It is important to maintain a fine line between dressing up and overdressing. While the clothes make the man (or woman), overdressing can project a slick appearance and the attitude to go with it. Overdressing can be just as dangerous as underdressing, and it should be avoided at all costs.
So how can male brokers and advisors walk that fine line and dress appropriately for the office? By investing in a basic wardrobe of quality components, including at least one summer and winter weight suit, a variety of dress shirts in both subdued shades and plain white and several pairs of stylish dress pants.
The shoes can make or break any outfit, and that means footwear is a vital consideration. Far from being an unnecessary indulgence, a top quality pair of Prada, A. Testoni or Ferragamo shoes can be an investment in future success. Top it all off with a variety of understated woven and silk ties, and you have a winning wardrobe for your male advisors.
Female advisors have a bit more flexibility in how they dress, but the basic concept is much the same. Skirts and business suits should project an air of understated elegance, and the length should always be appropriate for professional office wear.
As with their male counterparts in the industry, female brokers, advisors and wealth managers should strive for quality, even if that means fewer pieces in their wardrobes. Women in the financial industry can always add new pieces to their closets as finances allow, but starting with a basic set of pieces is essential.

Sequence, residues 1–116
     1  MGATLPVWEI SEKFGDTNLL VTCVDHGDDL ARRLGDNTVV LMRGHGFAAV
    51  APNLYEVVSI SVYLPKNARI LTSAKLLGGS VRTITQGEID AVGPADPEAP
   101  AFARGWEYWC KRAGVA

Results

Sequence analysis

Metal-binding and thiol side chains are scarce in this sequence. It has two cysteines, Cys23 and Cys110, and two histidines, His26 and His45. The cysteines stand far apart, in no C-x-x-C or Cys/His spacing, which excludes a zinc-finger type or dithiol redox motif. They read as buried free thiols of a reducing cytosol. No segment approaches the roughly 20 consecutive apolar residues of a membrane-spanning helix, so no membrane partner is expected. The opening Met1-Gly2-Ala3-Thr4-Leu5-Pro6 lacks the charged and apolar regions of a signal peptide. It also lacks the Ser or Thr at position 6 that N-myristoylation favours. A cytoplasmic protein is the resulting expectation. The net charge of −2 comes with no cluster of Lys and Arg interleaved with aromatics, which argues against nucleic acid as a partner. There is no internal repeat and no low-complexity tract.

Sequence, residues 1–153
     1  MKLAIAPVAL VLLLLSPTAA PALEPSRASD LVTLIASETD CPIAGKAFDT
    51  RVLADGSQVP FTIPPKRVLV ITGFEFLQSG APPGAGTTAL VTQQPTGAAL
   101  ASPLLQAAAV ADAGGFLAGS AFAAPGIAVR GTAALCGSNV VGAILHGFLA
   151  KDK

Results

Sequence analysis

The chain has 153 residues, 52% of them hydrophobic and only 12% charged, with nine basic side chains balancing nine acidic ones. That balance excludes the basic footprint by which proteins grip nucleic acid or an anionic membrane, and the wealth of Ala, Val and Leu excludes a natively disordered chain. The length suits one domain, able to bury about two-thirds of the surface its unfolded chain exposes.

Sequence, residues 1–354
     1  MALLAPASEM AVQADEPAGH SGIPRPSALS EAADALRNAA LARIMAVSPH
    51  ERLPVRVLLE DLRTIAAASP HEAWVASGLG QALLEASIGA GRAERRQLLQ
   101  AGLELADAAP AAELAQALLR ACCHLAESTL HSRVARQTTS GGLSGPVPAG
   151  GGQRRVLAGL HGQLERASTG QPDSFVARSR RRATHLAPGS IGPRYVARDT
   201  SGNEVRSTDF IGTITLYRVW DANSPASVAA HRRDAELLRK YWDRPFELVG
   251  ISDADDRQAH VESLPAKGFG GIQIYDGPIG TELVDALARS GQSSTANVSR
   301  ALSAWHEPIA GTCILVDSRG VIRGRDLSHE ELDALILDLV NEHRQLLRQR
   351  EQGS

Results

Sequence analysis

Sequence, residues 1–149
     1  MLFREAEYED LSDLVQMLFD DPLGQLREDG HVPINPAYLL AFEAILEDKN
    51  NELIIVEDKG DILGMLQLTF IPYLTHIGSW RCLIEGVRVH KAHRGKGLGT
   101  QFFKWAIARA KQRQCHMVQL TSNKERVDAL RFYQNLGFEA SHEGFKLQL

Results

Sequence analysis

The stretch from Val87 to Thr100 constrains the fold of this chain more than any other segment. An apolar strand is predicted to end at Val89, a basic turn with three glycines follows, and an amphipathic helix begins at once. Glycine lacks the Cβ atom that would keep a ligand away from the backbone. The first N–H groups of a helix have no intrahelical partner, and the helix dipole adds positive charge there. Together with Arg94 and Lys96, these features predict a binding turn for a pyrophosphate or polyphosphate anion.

That means investing in a variety of top quality designer dresses and business suits, along with the best blouses they can afford. Female advisors should not rely on their business suits to cover up their inferior blouses. No matter what else they wear, their blouses must be able to stand on their own.
It goes without saying that all elements of their wardrobe, from their business suits and dresses to their blouses, should be understated and appropriate for the professional office. Short sleeves are fine for hot days, but no sleeveless blouses and nothing too revealing.
Quality shoes are just as important for female brokers and advisors, perhaps even more so. Cost can be a factor here since the average woman owns far more pairs of shoes than her male counterparts. Even so, the shoes she chooses should be of the highest possible quality, and they should always be freshly polished.
Both male and female advisors can start with off-the-rack garments to save on cost, but custom tailoring is always a smart investment. Whether the suit cost $300 or $3,000, it will always fit better and look more professional after a round with the local tailor.
Dressing for success in the financial services industry is not easy, or cheap, but it is important. Your clients can afford to dress down and go casual. They are, after all, the ones paying the bills. You, on the other hand, must always dress your best, and so must your brokers, advisors and anyone else who works for, and represents, your firm.